Visual Dictionaries
By Laure Joliet / Published by Dwell
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My cousin had emailed me a picture of her address in China written out in Mandarin characters. I photographed the image off the computer screen so I'd have it on my camera. I showed that to the taxi driver (in place of being able to really say even a word in Mandarin) and an hour later showed up on her doorstep. Another time a friend was meeting me in the south of France where roundabouts and confusing directions abound. Since roundabouts don't offer the ease of a simple turn right or left, I emailed a pictures of all the roundabouts he would encounter with an arrow for which street to take. Eventually those led him to my doorstep. 

In both instances images and technology made it possible to communicate things that I verbally could not. It was a great reminder that being able to point to something, to see it, can be the fastest way to be understood. When a language isn't shared it can be the only way to get an idea across.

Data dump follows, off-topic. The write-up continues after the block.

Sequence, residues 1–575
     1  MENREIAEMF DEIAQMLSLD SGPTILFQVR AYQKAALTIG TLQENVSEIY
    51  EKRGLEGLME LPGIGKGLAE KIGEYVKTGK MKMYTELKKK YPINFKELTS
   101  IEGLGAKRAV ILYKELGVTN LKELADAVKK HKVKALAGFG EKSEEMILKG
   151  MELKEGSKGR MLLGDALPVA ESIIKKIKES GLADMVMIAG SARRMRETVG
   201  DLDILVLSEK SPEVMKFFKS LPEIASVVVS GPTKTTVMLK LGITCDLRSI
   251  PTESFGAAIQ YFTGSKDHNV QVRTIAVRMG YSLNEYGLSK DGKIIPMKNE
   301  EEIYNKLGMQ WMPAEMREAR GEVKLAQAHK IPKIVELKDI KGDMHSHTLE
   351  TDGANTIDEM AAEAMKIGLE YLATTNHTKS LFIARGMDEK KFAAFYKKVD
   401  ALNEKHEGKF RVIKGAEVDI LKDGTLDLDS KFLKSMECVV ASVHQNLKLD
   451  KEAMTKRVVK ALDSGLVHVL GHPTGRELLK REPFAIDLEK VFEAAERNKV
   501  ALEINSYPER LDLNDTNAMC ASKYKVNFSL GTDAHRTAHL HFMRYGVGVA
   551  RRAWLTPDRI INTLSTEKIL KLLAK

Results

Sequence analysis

Find thousands of pictures of common items and ideas to help with your next international trip in the icoon global dictionary and in the Point It! Travellers Language Kit.  Both small enough to keep in your back pocket to whip out when you really need that latte, need directions to the Cathedral or want to make sure that spider bite isn't deadly.


Laure Joliet


Laure is a Los Angeles–based photographer and design enthusiast. When not contributing to Dwell and Apartment Therapy, she's opening too many tabs in Firefox, baking, gardening and exploring the great outdoors.

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